Leading Article: Time for Sinn Fein's answers

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THE Government's response yesterday to Sinn Fein's 20 questions represents a real attempt to address the issues raised by republicans. The replies are more serious than anticipated, given the way officials have played them down. The tone is polite rather than acerbic. Sir Patrick Mayhew, in agreement with the Irish government, has provided answers suggesting that neither Dublin nor London has given up on the peace process, despite their growing pessimism.

That said, there is nothing in this document that would make an Orangeman stumble. It does little more than reiterate in a positive way last December's Downing Street Declaration, previous ministerial statements and existing legislation. If any fantasists in the republican movement expected hints about troop withdrawals and a timescale for ending partition, they have been disappointed.

There will be much pedantic debate surrounding the description of this exercise. Ministers rightly rebut any suggestion that they are being drawn into negotiations in advance of a permanent end to the killing. But Sinn Fein would have difficulty claiming that Sir Patrick's response does not meet its request for 'clarification'. In other words, the ball is in the republican court. Gerry Adams has received his answers. The pressure is now on him to provide a few in return.

Mr Adams has much ground to make up. The Downing Street Declaration was a major statement of intent, towards which the Sinn Fein leadership has failed to take an imaginative attitude. The party's president has shown himself unwilling to give it positive backing. In the absence of clear guidance from the top, the republican movement has steered away from peace and towards maintaining the status quo.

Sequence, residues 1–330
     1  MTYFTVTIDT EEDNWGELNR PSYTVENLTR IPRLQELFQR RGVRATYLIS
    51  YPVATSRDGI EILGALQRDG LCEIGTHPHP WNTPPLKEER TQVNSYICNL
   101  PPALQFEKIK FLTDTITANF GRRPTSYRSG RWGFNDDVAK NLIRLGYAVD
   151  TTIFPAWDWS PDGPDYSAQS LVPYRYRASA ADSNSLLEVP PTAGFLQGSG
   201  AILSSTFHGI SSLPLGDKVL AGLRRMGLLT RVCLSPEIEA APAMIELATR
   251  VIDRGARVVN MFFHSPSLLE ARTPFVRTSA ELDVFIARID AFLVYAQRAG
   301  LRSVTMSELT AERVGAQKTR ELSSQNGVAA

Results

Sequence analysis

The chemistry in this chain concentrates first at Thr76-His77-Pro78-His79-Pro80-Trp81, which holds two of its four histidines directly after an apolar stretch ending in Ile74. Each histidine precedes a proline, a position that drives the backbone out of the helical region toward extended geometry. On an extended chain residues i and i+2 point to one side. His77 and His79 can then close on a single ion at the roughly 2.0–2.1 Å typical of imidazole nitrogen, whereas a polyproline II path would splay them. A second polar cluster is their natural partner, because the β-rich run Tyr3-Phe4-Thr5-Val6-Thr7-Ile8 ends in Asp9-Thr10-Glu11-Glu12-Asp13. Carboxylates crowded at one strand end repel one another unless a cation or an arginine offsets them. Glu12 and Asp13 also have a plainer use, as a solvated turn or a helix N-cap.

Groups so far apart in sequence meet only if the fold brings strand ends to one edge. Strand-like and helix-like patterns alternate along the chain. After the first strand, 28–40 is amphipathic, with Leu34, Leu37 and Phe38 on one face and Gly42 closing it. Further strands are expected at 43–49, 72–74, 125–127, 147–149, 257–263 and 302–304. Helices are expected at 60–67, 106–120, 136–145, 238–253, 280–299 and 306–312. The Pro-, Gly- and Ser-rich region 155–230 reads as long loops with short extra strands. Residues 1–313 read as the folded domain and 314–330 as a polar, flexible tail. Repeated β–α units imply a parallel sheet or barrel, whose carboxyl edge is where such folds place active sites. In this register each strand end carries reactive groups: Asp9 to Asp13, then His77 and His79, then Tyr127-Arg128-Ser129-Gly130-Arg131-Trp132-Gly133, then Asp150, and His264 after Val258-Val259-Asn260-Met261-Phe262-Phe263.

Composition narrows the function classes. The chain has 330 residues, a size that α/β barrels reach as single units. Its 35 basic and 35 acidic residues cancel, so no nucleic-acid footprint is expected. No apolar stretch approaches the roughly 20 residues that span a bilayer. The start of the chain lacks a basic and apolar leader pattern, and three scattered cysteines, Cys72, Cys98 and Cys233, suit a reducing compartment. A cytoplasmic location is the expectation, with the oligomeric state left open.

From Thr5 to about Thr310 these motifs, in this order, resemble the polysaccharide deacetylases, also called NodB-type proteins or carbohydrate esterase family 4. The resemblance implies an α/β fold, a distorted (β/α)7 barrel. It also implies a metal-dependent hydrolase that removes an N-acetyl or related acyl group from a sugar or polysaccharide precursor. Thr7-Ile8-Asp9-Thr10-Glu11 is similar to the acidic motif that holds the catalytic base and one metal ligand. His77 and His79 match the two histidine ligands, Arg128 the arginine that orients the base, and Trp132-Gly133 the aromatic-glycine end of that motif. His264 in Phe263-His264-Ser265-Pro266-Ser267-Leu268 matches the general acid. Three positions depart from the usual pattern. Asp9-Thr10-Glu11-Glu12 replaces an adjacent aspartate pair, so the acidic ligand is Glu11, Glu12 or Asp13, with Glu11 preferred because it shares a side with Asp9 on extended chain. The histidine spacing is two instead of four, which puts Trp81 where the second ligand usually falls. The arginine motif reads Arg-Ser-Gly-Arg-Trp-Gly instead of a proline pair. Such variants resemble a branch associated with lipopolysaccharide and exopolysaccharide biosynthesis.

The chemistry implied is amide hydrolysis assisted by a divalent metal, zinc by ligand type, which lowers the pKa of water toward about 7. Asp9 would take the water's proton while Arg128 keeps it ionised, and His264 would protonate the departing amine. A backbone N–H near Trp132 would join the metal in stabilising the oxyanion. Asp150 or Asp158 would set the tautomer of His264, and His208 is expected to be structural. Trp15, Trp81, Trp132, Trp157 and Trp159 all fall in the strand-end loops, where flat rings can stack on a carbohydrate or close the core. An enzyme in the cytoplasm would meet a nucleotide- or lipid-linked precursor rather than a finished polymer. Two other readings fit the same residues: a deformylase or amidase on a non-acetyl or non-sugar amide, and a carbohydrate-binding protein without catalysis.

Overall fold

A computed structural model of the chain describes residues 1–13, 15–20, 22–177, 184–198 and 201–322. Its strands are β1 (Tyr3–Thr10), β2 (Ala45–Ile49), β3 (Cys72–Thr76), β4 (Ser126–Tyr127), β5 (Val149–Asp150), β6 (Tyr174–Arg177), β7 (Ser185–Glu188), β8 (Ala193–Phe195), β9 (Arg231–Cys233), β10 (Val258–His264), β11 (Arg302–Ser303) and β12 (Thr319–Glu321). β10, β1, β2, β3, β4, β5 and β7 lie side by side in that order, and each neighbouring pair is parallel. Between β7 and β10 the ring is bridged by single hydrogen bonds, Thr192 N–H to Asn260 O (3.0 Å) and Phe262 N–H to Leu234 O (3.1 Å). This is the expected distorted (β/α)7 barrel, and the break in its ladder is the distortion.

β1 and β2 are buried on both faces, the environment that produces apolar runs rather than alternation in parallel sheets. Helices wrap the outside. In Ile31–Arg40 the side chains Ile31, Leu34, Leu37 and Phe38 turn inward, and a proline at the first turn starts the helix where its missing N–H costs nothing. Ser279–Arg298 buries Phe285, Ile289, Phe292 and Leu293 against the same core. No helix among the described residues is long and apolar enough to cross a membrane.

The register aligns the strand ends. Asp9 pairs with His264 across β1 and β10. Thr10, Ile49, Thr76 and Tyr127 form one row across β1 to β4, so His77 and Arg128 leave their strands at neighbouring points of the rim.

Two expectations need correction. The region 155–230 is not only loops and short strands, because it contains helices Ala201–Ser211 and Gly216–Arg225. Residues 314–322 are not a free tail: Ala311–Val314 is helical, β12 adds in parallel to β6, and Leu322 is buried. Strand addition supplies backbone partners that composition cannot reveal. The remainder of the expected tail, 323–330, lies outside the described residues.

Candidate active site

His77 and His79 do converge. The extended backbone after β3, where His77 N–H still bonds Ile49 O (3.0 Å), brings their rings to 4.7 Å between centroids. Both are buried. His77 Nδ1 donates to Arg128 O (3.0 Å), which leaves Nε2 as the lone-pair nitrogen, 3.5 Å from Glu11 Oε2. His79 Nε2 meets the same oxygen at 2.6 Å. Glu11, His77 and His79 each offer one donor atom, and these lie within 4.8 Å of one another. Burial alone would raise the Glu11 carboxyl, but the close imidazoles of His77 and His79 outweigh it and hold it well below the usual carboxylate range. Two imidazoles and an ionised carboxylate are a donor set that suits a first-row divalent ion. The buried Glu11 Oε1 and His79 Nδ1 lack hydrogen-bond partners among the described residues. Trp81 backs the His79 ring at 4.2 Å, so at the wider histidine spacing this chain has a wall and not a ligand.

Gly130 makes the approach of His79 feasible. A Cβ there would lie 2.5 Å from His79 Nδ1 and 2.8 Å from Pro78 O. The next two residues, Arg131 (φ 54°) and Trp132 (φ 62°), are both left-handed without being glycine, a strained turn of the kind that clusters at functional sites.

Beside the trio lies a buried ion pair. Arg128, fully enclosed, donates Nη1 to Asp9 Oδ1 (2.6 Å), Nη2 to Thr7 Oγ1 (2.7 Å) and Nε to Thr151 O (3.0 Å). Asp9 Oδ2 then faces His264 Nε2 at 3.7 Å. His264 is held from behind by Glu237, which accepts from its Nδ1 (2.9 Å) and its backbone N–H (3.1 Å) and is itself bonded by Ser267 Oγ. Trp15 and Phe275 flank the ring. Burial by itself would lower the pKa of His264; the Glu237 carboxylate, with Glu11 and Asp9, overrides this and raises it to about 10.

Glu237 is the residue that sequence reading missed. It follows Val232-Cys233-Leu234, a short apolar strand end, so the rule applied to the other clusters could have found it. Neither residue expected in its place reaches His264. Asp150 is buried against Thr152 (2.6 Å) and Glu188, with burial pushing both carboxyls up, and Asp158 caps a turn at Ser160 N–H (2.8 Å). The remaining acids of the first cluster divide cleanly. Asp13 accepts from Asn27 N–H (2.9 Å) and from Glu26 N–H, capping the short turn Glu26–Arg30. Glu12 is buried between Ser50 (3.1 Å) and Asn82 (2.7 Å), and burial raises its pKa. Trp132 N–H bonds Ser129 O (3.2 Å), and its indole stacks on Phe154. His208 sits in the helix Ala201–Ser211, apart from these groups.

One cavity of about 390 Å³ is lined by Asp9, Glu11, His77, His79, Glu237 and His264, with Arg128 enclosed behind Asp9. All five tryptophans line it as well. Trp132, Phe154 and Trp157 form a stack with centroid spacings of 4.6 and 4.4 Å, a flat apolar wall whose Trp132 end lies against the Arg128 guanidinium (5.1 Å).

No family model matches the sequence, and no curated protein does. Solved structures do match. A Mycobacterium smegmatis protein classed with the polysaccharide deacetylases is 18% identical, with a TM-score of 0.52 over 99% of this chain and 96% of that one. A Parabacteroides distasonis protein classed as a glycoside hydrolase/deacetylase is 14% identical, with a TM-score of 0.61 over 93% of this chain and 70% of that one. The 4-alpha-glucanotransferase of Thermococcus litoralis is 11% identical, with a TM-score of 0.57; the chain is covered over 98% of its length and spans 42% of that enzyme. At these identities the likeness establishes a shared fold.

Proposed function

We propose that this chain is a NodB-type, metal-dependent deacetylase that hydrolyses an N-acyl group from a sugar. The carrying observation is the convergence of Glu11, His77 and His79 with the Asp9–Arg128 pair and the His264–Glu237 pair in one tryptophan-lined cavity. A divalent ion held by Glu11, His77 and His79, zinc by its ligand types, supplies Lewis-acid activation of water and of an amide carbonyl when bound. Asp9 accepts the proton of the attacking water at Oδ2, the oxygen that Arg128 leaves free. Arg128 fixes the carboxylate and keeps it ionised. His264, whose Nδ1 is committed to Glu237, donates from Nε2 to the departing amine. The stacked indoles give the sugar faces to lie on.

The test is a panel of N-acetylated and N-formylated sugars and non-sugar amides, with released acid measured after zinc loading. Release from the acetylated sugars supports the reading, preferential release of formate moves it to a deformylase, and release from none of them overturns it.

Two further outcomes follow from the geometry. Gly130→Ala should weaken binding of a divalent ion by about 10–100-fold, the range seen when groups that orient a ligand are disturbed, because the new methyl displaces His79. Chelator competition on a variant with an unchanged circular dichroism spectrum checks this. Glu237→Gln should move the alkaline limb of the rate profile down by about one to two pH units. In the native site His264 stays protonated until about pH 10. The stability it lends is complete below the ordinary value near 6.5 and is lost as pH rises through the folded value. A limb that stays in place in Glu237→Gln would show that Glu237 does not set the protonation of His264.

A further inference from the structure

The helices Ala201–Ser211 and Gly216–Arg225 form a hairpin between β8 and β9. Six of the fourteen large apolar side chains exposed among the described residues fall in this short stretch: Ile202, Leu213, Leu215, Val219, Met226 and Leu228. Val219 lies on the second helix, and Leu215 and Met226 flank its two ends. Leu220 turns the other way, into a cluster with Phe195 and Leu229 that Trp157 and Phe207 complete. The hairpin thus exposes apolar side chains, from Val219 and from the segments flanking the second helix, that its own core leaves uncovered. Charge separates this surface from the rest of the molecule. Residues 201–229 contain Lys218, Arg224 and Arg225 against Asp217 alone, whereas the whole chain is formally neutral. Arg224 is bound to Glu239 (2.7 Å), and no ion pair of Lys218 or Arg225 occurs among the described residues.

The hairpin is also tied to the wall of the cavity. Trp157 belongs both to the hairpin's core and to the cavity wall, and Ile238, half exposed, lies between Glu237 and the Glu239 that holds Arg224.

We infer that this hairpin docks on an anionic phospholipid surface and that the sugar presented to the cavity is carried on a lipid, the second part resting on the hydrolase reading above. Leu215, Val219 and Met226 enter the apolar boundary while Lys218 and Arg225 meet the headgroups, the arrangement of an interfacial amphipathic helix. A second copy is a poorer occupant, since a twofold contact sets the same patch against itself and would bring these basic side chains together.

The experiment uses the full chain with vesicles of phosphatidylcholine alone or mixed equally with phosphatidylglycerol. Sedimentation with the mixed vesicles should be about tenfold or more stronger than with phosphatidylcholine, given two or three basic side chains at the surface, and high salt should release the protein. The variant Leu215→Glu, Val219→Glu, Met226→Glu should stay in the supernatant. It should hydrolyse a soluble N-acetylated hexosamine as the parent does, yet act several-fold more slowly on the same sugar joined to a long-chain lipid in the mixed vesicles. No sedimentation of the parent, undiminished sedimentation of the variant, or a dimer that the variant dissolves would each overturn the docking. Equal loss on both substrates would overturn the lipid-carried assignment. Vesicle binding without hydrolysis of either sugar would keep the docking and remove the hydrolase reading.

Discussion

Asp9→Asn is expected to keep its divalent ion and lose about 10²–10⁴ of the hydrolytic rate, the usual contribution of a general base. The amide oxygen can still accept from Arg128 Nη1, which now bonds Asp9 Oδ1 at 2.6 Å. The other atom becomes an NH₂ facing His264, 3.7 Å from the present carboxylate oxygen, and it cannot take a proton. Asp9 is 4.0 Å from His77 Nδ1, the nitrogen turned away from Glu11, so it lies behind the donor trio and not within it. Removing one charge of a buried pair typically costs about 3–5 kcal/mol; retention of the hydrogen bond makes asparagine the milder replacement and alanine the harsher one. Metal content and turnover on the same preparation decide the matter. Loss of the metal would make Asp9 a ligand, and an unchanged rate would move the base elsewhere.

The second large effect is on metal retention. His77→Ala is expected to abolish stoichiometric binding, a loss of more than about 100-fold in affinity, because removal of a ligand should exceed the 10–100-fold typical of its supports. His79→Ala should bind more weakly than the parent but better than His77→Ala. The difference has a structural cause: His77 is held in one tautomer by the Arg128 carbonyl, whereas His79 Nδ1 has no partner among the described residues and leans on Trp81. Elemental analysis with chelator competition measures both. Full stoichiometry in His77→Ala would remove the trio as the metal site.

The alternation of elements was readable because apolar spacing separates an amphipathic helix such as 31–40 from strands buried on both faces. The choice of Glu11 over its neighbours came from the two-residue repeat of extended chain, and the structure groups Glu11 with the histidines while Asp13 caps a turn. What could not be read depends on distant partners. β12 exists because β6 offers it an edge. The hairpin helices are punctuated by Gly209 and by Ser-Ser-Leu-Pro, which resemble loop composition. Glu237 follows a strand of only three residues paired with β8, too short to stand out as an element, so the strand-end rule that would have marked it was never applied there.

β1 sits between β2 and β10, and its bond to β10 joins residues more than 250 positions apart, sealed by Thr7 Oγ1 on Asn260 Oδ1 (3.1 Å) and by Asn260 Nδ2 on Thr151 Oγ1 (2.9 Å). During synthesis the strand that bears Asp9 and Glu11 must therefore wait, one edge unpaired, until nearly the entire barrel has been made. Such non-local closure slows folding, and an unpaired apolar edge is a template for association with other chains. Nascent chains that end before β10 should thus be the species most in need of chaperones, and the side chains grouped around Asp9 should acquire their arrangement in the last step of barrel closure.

Mr Adams has been given another chance to show some leadership. There have been other opportunities. His visit to the United States demonstrated what life might be like as a legitimate political leader. Likewise, Albert Reynolds, the Irish prime minister, has engaged in correspondence with him. So far, Mr Adams has abstained from leading republicanism in a historic break from violence. In his absence, militants such as Bernadette McAliskey have attacked the declaration and political progress has been left to the mercy of a rising tide of violence from loyalists and the IRA.

Indications from Sinn Fein suggest that nothing will be forthcoming from them on the declaration until the end of June, after the European elections. This delay is unforgivable. Every week brings further death and destruction to the people of Northern Ireland.

The Downing Street Declaration stands as a powerful inter-governmental statement about the province's future, irrespective of Sinn Fein's attitude. But Mr Adams must appreciate that moments when peace can be achieved in Ireland are few and can pass suddenly. His lack of urgency is disdainful of human life. It threatens a fragile process which, once destroyed, could take a long time to begin again.